Gardens are my happy place, a refuge from the news, traffic, noise, and security checks. I embrace the blooms, the design, the human touch on a patch of the planet. It is a piece of heaven right under my feet.
The Alhambra & Generalife Gardens Granada, Andalusia, Spain
The Alhambra, in Granada, Spain looms large in the history of gardens. Monty Don, host of the British program, Gardener’s World, says “the Islamic mind changed the way the whole of Europe gardens” and the evidence bears this out the more I learn about the Islamic paradise garden.
Some of the best views in the world are from a garden.
If you find yourself in Monte Carlo and you don’t expect to win enough at the famed Beaux Arts Casino to shop for a Rolls Royce while you are there, I have the perfect adventure for you. Take the #2 city bus up the mountain to the end of the line to the La Jardin Exotic Botanical Garden. Hanging off a promontory point, nearly 500’ above the bustling tourist sites down by the harbor, this garden will give you spectacular views of the Mediterranean Sea, and the bay filled with yachts and sailboats. Gazing afar you can see Italy. Looking below, you see the lavishly landscaped rooftop gardens of the surrounding high-rise buildings.
Living in the wide open southwest I’m used to lots of space, wide streets and a spacious patch of earth to grow flowers, vegetables, and trees. Traveling this summer in Mediterranean cities I found an entirely different spatial atmosphere.
Monet wrote of his pond at Giverny,
“It took me a long time to understand my water lilies. I had planted them for the pure pleasure of it and I grew them without thinking of painting them…And then, all of a sudden, I had the revelation of the enchantment of my pond. I took up my palette. Since then I’ve had no other model.”Monet’s Water Lilies, Vivian Russell
Sitting on a Paris bench in May I was enjoying a view of the Eiffel Tower. The beds of the park had been freshly dug exposing the rich dark soil and I knew colorful summer plants would be arriving soon. An elderly woman came walking through the grass pulling her shopping cart. She stopped at the flower bed. In the bright light of day she removed her red trowel and a plastic shopping bag. Bending over she began carefully filling the bag with fresh soil.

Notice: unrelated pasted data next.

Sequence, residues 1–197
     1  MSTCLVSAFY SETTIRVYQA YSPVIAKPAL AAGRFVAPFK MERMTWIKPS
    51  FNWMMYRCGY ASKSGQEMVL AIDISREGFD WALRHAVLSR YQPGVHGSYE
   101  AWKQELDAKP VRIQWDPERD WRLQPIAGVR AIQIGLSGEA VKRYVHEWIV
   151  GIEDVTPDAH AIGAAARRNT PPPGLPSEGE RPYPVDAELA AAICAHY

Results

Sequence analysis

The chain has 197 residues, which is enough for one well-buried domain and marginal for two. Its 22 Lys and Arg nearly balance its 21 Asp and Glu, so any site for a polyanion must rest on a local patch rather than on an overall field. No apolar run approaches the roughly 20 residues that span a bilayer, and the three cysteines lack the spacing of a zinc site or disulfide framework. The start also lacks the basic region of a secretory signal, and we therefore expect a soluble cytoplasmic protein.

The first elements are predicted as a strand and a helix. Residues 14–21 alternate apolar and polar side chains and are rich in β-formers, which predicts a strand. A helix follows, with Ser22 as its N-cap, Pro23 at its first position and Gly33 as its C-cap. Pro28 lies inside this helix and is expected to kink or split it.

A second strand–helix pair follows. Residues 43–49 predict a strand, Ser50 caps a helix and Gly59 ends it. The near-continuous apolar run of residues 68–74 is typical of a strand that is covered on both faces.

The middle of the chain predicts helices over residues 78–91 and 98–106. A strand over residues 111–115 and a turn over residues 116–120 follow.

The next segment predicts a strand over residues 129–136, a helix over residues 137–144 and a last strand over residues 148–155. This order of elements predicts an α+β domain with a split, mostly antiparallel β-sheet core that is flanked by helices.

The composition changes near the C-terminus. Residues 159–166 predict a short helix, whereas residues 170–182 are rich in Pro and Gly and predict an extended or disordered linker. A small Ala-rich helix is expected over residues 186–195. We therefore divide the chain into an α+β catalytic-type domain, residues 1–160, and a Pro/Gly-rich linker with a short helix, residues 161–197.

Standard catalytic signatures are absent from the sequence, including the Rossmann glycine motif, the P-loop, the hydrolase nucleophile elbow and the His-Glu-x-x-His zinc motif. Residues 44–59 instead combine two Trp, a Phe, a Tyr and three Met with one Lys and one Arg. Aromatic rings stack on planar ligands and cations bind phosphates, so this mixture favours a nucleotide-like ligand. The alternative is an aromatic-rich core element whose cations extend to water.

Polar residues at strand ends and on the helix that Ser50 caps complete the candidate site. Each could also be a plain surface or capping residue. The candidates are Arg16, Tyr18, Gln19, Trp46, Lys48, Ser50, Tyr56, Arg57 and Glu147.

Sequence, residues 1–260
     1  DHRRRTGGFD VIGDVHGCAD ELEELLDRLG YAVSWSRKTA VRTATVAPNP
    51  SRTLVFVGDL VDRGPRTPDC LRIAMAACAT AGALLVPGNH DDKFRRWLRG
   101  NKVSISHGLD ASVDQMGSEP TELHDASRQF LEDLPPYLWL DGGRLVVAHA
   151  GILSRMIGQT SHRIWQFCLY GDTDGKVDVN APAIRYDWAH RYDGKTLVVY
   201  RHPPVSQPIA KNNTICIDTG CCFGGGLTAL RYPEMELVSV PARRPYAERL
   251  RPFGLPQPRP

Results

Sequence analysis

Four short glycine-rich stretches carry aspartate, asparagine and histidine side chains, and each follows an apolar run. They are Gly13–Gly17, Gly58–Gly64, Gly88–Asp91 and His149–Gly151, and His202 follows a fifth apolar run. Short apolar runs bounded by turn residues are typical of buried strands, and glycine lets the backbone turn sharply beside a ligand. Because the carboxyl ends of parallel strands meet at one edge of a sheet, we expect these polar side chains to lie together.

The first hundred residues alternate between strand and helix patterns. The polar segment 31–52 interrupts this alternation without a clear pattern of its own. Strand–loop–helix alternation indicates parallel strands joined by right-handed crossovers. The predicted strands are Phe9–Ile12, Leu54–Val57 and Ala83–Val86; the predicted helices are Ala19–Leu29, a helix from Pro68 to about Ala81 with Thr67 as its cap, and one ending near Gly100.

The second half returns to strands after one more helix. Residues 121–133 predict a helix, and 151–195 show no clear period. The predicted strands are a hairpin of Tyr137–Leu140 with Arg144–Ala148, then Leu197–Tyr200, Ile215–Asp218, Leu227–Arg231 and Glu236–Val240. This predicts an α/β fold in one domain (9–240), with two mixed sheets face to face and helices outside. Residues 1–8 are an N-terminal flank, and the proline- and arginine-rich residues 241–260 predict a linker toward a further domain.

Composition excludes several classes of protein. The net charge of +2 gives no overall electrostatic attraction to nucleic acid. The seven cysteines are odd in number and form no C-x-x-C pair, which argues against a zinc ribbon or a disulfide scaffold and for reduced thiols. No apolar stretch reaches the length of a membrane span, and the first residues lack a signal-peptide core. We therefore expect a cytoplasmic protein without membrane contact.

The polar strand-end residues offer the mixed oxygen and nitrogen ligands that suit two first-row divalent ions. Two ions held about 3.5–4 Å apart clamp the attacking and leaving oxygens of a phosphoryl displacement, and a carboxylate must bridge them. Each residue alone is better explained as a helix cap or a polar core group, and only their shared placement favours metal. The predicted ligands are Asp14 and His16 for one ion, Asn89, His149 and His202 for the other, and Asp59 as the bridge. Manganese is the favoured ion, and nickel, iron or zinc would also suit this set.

I became impatient listening to the tour guide explain 700 years of Spanish history. Already I calmly sat through a long bus ride from the port of Cadiz to Seville to get to the Royal Palace Gardens of Alcazar. I wanted only to see the garden. So. . . . I slipped away from our tour group.
Perhaps the very instant spring begins is that brief sunny moment when bare branches burst from bud to flower. Dormant limbs feeling the stir of seasonal change bud and swell with the news that winter is waning. Seemingly overnight the bleak branch canopy suddenly commands our attention as we notice the burst of flowers filling a tree. Flowers before leaves, before fruit and seed pods simply fascinate a gardener, who willingly rakes and sweeps the debris that follows the spectacular show of flowering trees.
Eyeful, Plateful, Basketful!
Oh the ritual of new year’s resolutions challenging us to be our better self has come around again. The predictable but valid ones reappear; save money, spread kindness, and eat better are high on the list. As gardeners, at least one of our resolutions is likely to include something related to fruits and vegetables. We not only resolve to eat more fruits and vegetables but to grow our own bountiful harvest! There are many wonderful reasons deeply rooted in our souls which drive us to succeed, yet how disappointing when our seeds of optimism dry up. However, I have a fruit and vegetable resolution that is truly attainable. Resolve to get an eyeful of the beauty fruits and vegetables provide all year long.
Bright & Shiny
This time of year Christmas trees decorated with lights and ornaments are showing up all around the town. If you decorate a tree with traditional glass ornaments in red, gold, or silver you will see the beauty surrounding you reflected in their shiny surface. Stories of glass ball ornaments trace back to the 1800’s in Germany, though the origin of glass balls has been documented back to the 1300’s. Venetian glass blowers began creating colorful spheres as gazing balls to reflect the light and the view of gardens. The fragile and colorful balls were a sign of wealth and status used to accessorize the gardens of kings. King Ludwig II, King of Bavaria during the 1800’s, adorned his palace, Herrenchiemsee, his replica of Versailles, with these gazing balls. Could there be a connection?